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  #1  
Old November 7th, 2008, 01:38 PM
dobeluvr dobeluvr is offline
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Help with fading picture into the background

I am pulling my hair out. I need help with fading a picture into the background. for instance on the right hand side of the page I want to make the picture soft(light but still visiable) and have the picture fade into a gradient background I can type on to make a nice webpage. I hope I explained this well enough and it's not as complicated to pull off as I'm making it.

Thank you all so much for your help!!! I'm going crazy here!!!!!
Erica
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  #2  
Old November 7th, 2008, 02:30 PM
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Byron Gale Byron Gale is offline
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Erica,

Here's one way to fade an image into a background.



I placed the image layer above a solid color layer, then placed a blank layer between.

On the middle blank layer, I painted with a Forground To Transparent gradient.

Then I selected the upper layer and clicked Layer > Group with Previous.

This uses the middle layer to "clip" the upper layer so that the upper layer is only visible where there is content on the middle layer.

Of course, you may have to try it a few times until you get things in the positions you want.

HTH,

Byron
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Old November 7th, 2008, 02:50 PM
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ken1 ken1 is offline
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Erica

Here are two methods:

A. 1.Open picture
2.Duplicate background layer, work on background copy layer
3.Set foreground chip (lower left) to white
4.Select gradient tool. Select foreground to transparent gradient.
5.Drag gradient horizontally and adjust opacity of layer as desired

B. Steps 1&2 as above
3.Gaussian blur 20+ (experiment)
4.Select>all, Edit>define pattern
5.Delete blurred layer (step #3)
6. Open blank layer at top of stack
7. Edit>fll layer with pattern. It should be the last one in the current
library
8. Use eraser tool to reveal the in-focus part of picture for
retention.
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Old November 8th, 2008, 12:52 PM
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Bayla Bayla is offline
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Erica,

Check out THIS TUTORIAL by Jessica Sprague.

Bayla
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  #5  
Old January 2nd, 2009, 10:32 PM
John Bertram John Bertram is offline
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A Flexible "Opacity Gradient" at last!

Quote:
Originally Posted by Byron Gale View Post
Erica,
Here's one way to fade an image into a background.
I placed the image layer above a solid color layer, then placed a blank layer between.
On the middle blank layer, I painted with a Forground To Transparent gradient.
Then I selected the upper layer and clicked Layer > Group with Previous.
This uses the middle layer to "clip" the upper layer so that the upper layer is only visible where there is content on the middle layer.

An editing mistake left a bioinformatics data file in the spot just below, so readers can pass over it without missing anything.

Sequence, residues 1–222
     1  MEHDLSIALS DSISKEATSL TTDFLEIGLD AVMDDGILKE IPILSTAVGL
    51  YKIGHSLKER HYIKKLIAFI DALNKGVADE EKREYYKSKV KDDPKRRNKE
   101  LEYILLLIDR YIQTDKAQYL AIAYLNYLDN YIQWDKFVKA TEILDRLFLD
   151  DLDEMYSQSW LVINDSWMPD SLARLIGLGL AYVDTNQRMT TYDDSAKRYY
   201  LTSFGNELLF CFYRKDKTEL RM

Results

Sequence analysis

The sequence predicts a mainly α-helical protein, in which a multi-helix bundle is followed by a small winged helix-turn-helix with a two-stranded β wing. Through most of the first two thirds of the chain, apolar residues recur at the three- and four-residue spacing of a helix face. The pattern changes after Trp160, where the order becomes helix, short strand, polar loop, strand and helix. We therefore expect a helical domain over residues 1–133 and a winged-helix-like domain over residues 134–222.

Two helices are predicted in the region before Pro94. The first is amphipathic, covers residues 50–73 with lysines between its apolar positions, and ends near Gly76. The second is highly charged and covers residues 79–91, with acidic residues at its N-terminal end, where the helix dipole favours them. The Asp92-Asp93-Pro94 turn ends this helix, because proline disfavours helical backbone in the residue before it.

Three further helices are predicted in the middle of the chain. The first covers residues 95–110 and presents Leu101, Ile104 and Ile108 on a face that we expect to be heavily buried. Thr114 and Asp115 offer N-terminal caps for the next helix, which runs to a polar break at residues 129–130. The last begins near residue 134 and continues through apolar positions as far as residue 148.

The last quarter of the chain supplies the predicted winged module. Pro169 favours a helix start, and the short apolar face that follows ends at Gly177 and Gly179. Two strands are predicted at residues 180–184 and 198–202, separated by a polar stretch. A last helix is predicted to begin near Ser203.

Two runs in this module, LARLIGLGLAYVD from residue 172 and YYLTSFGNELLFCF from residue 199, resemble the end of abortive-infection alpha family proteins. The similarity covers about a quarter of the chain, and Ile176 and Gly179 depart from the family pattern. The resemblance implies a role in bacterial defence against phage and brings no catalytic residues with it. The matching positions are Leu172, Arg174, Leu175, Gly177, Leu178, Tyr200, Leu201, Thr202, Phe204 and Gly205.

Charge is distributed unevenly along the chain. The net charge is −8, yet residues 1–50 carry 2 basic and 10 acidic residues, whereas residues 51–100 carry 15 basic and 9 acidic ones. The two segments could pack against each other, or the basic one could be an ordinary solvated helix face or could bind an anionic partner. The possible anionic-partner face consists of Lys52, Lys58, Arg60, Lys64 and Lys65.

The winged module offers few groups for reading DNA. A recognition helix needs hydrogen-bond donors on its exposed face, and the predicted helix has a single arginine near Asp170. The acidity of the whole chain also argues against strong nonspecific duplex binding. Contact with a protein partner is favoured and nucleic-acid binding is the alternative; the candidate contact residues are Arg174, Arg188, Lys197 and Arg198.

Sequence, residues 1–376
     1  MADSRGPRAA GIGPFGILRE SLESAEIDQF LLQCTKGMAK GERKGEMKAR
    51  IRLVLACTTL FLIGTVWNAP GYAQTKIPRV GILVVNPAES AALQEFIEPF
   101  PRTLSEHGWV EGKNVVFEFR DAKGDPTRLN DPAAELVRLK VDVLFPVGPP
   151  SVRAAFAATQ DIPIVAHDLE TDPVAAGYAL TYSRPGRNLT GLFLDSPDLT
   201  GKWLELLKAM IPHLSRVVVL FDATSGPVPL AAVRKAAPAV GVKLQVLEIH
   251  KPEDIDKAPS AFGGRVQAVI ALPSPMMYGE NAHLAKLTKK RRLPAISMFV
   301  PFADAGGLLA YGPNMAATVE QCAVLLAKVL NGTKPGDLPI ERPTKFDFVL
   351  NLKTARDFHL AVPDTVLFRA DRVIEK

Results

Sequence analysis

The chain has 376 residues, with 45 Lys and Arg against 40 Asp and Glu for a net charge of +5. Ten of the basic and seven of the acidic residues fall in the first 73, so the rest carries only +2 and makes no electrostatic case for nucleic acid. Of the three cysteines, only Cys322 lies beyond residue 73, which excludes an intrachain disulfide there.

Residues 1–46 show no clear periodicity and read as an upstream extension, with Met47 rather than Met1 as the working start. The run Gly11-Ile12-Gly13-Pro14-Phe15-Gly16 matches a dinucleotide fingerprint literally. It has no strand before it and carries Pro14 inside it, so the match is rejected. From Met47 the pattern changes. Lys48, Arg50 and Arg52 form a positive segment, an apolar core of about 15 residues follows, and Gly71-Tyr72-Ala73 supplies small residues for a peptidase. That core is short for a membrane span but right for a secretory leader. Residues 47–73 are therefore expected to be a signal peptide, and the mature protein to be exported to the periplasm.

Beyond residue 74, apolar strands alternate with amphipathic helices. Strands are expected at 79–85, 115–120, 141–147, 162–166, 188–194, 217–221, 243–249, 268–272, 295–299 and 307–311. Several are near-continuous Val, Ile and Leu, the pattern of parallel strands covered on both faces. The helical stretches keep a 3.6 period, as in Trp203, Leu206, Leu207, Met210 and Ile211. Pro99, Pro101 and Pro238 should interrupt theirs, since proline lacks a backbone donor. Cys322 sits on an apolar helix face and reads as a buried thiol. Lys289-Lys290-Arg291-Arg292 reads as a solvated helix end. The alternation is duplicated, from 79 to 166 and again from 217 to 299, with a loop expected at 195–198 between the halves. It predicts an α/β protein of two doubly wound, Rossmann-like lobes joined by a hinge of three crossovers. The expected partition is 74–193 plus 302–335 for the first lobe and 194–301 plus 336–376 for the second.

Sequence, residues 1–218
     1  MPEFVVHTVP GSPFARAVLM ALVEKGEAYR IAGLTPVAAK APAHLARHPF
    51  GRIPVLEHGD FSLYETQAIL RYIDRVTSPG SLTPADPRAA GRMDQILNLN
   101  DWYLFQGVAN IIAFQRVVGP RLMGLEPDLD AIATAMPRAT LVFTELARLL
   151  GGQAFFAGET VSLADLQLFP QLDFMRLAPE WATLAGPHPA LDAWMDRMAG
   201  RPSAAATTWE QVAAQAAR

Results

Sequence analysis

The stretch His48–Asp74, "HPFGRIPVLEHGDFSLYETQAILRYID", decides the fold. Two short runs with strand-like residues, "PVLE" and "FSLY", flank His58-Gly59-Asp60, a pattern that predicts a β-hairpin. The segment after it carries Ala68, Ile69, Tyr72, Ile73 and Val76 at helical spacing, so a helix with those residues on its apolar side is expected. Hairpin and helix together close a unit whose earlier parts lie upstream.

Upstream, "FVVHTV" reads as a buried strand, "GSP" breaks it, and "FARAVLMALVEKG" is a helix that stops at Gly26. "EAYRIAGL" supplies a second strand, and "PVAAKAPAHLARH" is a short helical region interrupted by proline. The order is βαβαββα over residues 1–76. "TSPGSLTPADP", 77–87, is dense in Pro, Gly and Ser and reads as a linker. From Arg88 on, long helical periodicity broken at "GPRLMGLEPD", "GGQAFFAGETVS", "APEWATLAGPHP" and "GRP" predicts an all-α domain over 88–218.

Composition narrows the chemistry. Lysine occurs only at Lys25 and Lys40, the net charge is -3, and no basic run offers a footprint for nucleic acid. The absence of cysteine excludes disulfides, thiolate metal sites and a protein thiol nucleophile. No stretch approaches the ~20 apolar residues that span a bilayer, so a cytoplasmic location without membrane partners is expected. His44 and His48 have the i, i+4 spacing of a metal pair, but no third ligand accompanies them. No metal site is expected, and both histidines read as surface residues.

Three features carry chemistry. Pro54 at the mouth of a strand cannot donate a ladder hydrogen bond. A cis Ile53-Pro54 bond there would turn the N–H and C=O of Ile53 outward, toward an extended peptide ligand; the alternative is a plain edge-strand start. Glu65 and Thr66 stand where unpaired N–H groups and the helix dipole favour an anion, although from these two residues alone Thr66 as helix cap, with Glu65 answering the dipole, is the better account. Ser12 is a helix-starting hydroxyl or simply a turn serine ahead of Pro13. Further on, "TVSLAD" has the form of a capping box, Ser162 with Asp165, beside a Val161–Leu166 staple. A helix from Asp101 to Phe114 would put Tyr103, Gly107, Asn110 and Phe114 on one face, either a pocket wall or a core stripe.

Of course, you may have to try it a few times until you get things in the positions you want.
HTH,
Byron
Byron --

Thanks for the above posting. I've been trying to figure this one out for a while -- how to in effect create an "opacity gradient", as opposed to simply affecting the opacity OF a gradient.

I've just done some tests using the workflow you describe, and want to suggest the following revision which seems to work even better:

Instead of creating a new layer and then applying a Foreground-to-Transparent gradient to that new layer, just have that particular gradient pre-selected, then use the "Create Adjustment Layer" button to create a gradient layer BELOW the layer with the image you want to affect. Then (as you describe) group that image layer with the new gradient adjustment layer below it.

The advantage to this route is you can now double-click the Layer Thumbnail icon of this Gradient Adjustment Layer, and use the Gradient Fill dialog which pops up (as well as the Gradient Editor window which you can then also access) to adjust and re-adjust every aspect of this "opacity gradient" to your heart's content, and see the effect in real time on the image layer above. Size, position, style, etc. can all be modified and re-modified until the fade-out effect on the image looks just right.

Give this a try and see if it works for you as well. Thanks again for the inspiration!

John Bertram
Toronto
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  #6  
Old January 3rd, 2009, 01:03 AM
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Byron Gale Byron Gale is offline
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John,

I concur that clipping the image layer to a Gradient Adjustment Layer yields far greater flexibility. Nice write-up!!

Byron
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  #7  
Old January 4th, 2009, 12:23 AM
kzook kzook is offline
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John and Byron,

I just received PE7 for xmas and have not had any previous experience. I was trying to follow both your explainations for fading a picture but am not having very good luck. Any chance you can "dumb it down" a bit for me? thanks so much!
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